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Oregon and Washington In Good Shape With New National Ozone Standards

The Environmental Protection Agency came out with new rules Thursday that will make it harder to pollute the air with ozone, the main ingredient in smog.

The new allowable threshold in the air is 70 parts per billion, down from 75.

While many cities across the U.S. will be forced to make changes to improve air quality, Northwest communities are generally in good shape for now.

Ozone results when vehicle exhaust and industrial pollution cooks in the summer heat. The EPA is lowering the allowable ozone rate to protect public health, particularly for children and the elderly.

The rules are expected to be controversial in places that exceed the rate. That's where sometimes-costly changes will be necessary to improve air quality.

As of 2014 all sites in Oregon and Washington came in below the new standard. David Collier, air quality planning manager with the Oregon Department of Environmental Quality, says pollution controls like vehicle inspection stations have helped keep smog levels low.

“Even if we have some challenges, all the work we’ve invested so far has really paid off for us,” he said.

But climate change and population growth could lead to more ozone in the air. Collier says areas that are now on the bubble should be thinking about additional ways to keep emissions in check.

In Oregon, Medford and Hermiston have the highest ozone rates, at 64 parts per billion (ppb) in 2014. In Washington, Enumclaw is the worst at 65 ppb, largely because of pollution drifting down from Seattle.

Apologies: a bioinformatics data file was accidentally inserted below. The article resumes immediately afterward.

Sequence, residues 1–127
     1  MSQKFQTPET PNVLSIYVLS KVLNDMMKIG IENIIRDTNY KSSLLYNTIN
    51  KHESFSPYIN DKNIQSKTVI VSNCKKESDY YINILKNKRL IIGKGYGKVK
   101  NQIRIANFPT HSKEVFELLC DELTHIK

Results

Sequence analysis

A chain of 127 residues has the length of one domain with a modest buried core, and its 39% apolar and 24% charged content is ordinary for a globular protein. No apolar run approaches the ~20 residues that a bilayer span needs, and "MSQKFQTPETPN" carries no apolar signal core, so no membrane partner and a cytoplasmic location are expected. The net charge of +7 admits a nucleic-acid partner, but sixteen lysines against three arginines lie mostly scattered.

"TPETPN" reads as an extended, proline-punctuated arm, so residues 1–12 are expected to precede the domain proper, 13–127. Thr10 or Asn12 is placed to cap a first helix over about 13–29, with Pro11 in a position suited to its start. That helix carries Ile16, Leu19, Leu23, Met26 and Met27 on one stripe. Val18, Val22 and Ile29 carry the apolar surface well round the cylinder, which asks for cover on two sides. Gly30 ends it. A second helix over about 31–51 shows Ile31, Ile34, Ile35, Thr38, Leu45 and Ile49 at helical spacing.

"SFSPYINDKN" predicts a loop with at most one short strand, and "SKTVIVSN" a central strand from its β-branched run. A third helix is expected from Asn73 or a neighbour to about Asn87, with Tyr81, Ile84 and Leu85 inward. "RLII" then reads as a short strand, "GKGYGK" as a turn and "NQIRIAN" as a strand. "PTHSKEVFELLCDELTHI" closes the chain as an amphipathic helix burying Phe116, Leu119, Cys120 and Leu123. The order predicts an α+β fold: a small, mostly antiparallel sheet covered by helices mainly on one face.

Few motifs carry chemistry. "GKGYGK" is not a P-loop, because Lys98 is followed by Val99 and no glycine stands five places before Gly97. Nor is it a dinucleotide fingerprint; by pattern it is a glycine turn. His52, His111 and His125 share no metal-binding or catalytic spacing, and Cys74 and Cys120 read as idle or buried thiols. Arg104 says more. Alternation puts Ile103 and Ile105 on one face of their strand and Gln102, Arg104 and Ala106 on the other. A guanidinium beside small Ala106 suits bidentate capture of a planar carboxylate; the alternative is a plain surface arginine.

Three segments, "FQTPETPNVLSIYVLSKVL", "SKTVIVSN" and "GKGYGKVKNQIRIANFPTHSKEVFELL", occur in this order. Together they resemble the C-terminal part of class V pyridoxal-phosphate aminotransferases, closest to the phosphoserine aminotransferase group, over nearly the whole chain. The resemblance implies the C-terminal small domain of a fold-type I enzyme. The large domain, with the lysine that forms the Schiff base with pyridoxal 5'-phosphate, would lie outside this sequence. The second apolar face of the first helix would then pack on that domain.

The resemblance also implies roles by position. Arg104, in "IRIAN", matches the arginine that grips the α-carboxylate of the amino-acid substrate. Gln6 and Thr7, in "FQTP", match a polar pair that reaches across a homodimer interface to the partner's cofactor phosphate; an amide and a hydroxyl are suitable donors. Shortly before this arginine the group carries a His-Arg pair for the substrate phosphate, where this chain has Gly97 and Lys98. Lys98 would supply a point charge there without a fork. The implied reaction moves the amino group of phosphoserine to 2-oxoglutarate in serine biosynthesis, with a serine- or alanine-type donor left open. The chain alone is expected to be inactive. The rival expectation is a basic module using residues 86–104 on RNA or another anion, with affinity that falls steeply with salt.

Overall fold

These rates are based on rolling three-year averages (specifically of the fourth highest eight-hour period each year). Numbers from 2015 are still coming in, but early indications in the Seattle region show higher ozone rates that could bump up the overall average.

Correction: Oct. 5, 2015. An earlier version of this story used the incorrect unit of measure for ozone. The EPA lowered the ozone standard to 70 parts per billion.

Copyright 2020 EarthFix. To see more, visit .

New rules passed Wednesday in Oregon would reduce greenhouse gas emissions from transportation fuel by 10 percent over a 10-year period.



A low-carbon fuel standard in Oregon aims to reduce greenhouse gas emissions from transportation fuel by 10 percent over a 10-year period.

Jes Burns is a reporter for OPB's Science & Environment unit. Jes has a degree in English literature from Duke University and a master's degree from the University of Oregon's School of Journalism and Communications.